"When I heard the news first, I telephoned the President's party to pass on the good wishes of the British government...I spoke to one of his aides whom I asked that the message be passed onto the first family.

Our thoughts are very much with him in Paris."
High Commissioner Harrison said he was impressed with the manner in which Zambians were conducting themselves while President Mwanawasa is in hospital.

"I was very struck by two things; the first one was the great outpour of shock and grief when the news first came through from all the people in Zambia that I spoke to," High Commissioner Harrison said.

"Secondly has been the calmness in which the people of Zambia and the government of Zambia have decided to go about their businesses. I think that the government has coped extremely well with what is a very difficult political and personal event."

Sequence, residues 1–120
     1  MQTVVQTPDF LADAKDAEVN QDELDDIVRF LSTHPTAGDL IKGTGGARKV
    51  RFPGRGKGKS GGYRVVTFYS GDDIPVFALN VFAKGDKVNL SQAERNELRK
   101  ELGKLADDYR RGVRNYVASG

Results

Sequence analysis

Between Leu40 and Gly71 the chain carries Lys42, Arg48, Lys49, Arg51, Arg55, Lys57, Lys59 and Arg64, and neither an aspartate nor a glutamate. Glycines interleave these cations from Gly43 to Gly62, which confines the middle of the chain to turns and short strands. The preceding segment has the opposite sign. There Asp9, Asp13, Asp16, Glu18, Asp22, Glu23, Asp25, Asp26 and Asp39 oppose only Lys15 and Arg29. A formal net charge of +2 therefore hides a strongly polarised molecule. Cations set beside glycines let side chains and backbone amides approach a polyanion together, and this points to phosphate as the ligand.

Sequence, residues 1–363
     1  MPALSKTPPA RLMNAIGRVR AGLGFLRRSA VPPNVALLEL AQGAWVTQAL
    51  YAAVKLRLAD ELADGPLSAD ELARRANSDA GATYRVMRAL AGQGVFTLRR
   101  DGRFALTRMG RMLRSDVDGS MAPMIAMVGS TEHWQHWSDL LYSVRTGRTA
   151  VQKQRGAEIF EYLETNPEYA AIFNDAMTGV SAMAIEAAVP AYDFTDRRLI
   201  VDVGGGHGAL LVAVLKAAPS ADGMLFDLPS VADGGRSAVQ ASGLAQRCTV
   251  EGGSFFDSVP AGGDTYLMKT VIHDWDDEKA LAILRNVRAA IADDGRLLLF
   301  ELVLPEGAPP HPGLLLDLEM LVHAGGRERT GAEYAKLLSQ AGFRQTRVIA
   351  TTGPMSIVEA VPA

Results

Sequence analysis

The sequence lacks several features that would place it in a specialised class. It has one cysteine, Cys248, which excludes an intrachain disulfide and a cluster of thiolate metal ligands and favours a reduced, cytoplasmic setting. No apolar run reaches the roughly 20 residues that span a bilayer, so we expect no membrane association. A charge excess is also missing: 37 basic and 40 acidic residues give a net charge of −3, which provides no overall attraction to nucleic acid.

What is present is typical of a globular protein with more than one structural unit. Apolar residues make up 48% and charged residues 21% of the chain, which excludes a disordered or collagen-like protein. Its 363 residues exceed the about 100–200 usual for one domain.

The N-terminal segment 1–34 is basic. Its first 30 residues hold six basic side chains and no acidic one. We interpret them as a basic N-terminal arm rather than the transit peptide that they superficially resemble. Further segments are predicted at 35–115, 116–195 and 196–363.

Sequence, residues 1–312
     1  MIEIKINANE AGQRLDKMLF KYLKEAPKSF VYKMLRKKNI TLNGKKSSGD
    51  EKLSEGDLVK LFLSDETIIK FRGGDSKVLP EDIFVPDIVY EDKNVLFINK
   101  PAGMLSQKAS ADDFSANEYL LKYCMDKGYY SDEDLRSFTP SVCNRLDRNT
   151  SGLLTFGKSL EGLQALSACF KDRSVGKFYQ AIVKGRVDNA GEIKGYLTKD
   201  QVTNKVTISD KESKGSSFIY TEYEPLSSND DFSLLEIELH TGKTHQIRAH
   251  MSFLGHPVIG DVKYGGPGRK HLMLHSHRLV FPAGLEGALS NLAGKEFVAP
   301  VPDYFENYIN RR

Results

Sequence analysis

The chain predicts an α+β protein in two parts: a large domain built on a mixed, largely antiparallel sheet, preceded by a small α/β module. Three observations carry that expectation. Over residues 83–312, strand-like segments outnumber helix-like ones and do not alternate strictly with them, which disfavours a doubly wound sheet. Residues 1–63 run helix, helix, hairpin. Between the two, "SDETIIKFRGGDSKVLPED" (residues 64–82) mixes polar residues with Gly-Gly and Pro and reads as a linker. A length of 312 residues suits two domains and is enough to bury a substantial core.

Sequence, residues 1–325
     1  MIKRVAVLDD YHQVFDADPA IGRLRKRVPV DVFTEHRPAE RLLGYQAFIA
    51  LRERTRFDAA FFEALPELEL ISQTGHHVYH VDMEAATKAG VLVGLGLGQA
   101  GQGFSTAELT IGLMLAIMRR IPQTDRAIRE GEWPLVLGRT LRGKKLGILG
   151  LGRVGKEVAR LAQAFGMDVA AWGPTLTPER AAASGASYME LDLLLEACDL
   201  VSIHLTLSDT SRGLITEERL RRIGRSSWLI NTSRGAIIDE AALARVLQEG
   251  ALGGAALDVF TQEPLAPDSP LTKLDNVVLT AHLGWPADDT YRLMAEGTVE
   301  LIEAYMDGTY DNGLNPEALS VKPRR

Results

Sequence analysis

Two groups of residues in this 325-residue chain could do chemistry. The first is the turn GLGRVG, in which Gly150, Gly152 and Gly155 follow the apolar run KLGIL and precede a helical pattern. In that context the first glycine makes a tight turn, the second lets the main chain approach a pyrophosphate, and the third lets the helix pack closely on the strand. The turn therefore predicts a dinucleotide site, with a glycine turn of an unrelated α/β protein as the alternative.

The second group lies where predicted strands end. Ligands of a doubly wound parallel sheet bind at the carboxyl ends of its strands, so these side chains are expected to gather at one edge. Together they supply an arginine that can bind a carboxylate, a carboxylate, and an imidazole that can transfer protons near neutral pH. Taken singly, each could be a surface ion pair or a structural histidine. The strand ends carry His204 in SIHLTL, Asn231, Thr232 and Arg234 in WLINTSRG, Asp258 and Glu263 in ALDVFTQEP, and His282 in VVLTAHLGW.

President Mwanawasa suffered a stroke on June 29 this year in Egypt and was later evacuated to Percy Military Hospital in Paris on July 1, where he is still admitted.

Reviewing his three-year posting to Zambia, High Commissioner Harrison said Zambia had experienced several successes from which the resources should be channelled to improve the livelihood of Zambians.

"It has been very interesting time to be here, I have been here now for three years, I came here in August 2005. I spent a lot of that time working with the government of Zambia especially on Zambia's economic development.

When I first arrived the big issue was to forgive Zambia's external debt under the HIPC High Indebted Poor Countries process following the Glasgow's agreement which former British prime minister Tony Blair chaired to extend that to multilateral debt," High Commissioner Harrison said.

He said the British government decided early to shift its pattern of support from directly financing projects to direct national budgetary support thus enabling Zambians and their government to decide on the priority areas.